Essays on International Economics
Vu, Nam Tuan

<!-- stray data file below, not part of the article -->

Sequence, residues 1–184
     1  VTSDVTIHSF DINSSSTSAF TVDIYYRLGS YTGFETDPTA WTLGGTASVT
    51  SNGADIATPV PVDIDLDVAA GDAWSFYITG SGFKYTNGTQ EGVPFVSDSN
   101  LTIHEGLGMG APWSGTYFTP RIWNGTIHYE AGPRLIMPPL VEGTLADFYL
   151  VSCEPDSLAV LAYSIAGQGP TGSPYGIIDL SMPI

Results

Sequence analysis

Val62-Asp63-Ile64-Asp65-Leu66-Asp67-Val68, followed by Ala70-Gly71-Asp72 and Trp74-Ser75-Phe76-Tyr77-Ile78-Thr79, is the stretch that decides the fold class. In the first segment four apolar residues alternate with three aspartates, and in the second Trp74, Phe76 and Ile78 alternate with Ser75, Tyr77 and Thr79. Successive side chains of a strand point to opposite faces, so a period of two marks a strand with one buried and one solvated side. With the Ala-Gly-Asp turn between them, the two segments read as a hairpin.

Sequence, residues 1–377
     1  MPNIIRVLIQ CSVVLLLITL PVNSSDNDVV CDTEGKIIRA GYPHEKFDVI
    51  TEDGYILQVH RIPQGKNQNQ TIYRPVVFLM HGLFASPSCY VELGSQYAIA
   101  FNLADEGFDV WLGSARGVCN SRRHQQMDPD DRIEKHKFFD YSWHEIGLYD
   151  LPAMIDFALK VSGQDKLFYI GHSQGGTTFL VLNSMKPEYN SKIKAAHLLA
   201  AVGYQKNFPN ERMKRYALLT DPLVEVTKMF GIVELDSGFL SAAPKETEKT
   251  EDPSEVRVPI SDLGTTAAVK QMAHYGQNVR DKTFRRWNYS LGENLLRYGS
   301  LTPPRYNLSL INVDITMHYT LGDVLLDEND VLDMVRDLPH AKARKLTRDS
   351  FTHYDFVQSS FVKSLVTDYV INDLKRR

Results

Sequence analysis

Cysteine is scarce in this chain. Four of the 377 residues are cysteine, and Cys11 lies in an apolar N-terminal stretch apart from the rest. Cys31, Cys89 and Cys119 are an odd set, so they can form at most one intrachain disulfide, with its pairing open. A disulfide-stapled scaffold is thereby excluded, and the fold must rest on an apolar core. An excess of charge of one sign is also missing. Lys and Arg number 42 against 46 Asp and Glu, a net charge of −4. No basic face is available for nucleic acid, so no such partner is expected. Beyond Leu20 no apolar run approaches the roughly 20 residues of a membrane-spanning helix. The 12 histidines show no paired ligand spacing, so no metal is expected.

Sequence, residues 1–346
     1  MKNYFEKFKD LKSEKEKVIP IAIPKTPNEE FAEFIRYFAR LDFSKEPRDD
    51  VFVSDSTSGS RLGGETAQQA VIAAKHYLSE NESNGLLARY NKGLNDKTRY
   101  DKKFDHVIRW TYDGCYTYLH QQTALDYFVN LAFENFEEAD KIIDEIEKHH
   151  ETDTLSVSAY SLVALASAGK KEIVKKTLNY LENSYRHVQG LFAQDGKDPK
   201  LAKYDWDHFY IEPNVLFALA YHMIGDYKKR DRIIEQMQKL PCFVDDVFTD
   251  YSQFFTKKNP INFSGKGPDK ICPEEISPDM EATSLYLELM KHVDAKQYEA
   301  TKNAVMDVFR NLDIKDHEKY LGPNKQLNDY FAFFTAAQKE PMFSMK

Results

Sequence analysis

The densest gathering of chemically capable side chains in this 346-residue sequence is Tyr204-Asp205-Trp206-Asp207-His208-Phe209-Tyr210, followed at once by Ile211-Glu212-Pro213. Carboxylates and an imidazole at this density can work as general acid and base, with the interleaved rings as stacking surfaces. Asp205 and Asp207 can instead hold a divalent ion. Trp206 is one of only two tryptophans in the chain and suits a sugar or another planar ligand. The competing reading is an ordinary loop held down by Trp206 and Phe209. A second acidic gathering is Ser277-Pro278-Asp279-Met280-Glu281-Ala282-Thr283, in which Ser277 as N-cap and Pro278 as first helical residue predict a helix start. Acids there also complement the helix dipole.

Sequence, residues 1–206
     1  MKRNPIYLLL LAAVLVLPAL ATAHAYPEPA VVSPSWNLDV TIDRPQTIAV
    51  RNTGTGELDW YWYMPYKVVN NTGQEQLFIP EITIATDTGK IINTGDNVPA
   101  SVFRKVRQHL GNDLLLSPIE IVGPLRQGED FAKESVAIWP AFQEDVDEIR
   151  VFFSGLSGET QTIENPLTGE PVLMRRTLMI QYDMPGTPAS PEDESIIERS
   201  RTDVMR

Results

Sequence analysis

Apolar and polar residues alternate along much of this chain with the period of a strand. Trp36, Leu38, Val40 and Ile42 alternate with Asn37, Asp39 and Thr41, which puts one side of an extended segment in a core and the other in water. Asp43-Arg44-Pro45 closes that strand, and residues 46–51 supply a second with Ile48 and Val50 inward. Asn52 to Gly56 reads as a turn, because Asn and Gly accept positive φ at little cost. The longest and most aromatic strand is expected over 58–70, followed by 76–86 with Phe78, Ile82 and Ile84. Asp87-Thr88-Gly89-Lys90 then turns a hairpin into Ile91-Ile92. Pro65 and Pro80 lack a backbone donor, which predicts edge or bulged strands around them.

This dissertation consists of three chapters, each of which addresses a different issue in the strand of literature on international macroeconomics, broadly defined. The first chapter shows that surprise movements in stock market volatility can negatively affect our forecasts of future output across countries. The chapter studies the time series and cross-sectional responses of output to variation in stock market volatility across 27 countries over 40 years, controlling for a number of country-specific characteristics. The second chapter presents a small open economy model with discrete choice state-dependent pricing where individual firms are subject to both idiosyncratic productivity and government spending shocks that may drive the nominal interest rate to the zero lower bound endogenously. Two patterns emerge. First, high fiscal volatility drives the economy to the lower bound more often, thus further limiting the effects of expansionary monetary policy. Second, output response to a random shock to government spending is transient because firms can respond promptly to aggregate shocks to the economy. Empirically, the model captures salient features of the Japanese economy from 1975 to 2006 along multiple dimensions. The third chapter, joint with Siraj Bawa, shows that increases in corporate income taxes can lead to asymmetric welfare benefits across agents who hold assets and those who do not. Specifically, while building on some elements of the current theoretical literature, our model implies that corporate tax burdens tend to fall more heavily on workers, a result that is congruent with the empirical findings. Furthermore, investors do suffer from increases in corporate taxes, but such negative effect is considerably less persistent than that of the workers.